Violet looked around. “Is someone smoking?”
“I don’t smell anything.”
She took another whiff. The scent was gone. Maybe it was her imagination after all.
She leaned back in her seat. When the waiter came with Carl’s scotch and asked her if she wanted something from the bar, Violet pulled her handbag closer and waved him away.
“What were you trying to say before?” Carl asked.
She stared into his drink, thinking about her niece. You can do this, she told herself. Just say it. She swallowed hard, rehearsed the words in her head, asked Dorothy for strength, and then tried to spit it out.
“You,” she said, and choked. C’mon, words.
“Me what?” Carl said.
“I can’t what?”
Violet shut her eyes tight. “You can’t move in this weekend.” There. She did it. She did it, and she wouldn’t back down.
“You want me to postpone the move?”
“Good,” he said. “Because I would probably lose my deposit on the truck.”
“I mean, you can’t move in period.”
He laughed. “Okay, I get it. I won’t pressure you about the garage anymore. At least for now.” He snapped his fingers at the waiter. “Can we see menus, please?”
Violet rubbed her forehead. Please, Dorothy, she thought. Help me out here. Give me something.
She looked up and saw two men approaching their table—the maître d’ and an official-looking man in an expensive suit. The floor shook with their footsteps, and Violet knew she was in trouble. These men were on a mission, and it could be only one thing. The dog. The waiter must have seen him when he delivered Carl’s drink, and now she was busted. Violet knew it would do no good to try to make a case that Dorothy Parker brought her little toy poodle to lunch at the Algonquin almost daily for ten years. They were going to throw her out.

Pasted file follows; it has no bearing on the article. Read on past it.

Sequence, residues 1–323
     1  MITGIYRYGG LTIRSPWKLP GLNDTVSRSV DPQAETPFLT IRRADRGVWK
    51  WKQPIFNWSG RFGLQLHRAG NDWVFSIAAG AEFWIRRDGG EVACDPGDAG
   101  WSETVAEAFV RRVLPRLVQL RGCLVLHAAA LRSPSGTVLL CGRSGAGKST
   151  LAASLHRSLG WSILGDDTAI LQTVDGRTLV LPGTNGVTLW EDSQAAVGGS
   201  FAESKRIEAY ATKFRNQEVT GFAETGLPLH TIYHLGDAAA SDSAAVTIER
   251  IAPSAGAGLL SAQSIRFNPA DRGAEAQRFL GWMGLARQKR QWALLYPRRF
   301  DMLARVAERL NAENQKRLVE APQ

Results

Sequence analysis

Damn it, Dorothy, she thought. I ask for help and this is what you send?
She quickly threw a cloth napkin over her open bag, her hands trembling. The thought of making a scene terrified her. Please, she thought, let it be over quickly. I’ll just grab my bag and leave.
“Ms. Epps?” the maître d’ said. “I’d like to introduce Barry Beeman, general manager of the Algonquin.”
The suited man thrust his hand at Violet, and she shook it. “It’s such a pleasure to meet you,” he said. “Here at the Algonquin we’re big fans of the reviewer who’s been called ‘the modern Dorothy Parker,’ and we’d be honored to have you sign our priceless guest book.” He leaned over and placed an antique leather-bound volume in front of her.
“Guest book?” she said.
“It belonged to Percy Coates,” he began, a...